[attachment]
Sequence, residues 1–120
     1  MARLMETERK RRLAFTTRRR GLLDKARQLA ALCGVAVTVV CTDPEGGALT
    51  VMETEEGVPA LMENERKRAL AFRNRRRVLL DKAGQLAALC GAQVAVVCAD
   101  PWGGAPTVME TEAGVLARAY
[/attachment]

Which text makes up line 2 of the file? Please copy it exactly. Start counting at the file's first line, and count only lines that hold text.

     1  MARLMETERK RRLAFTTRRR GLLDKARQLA ALCGVAVTVV CTDPEGGALT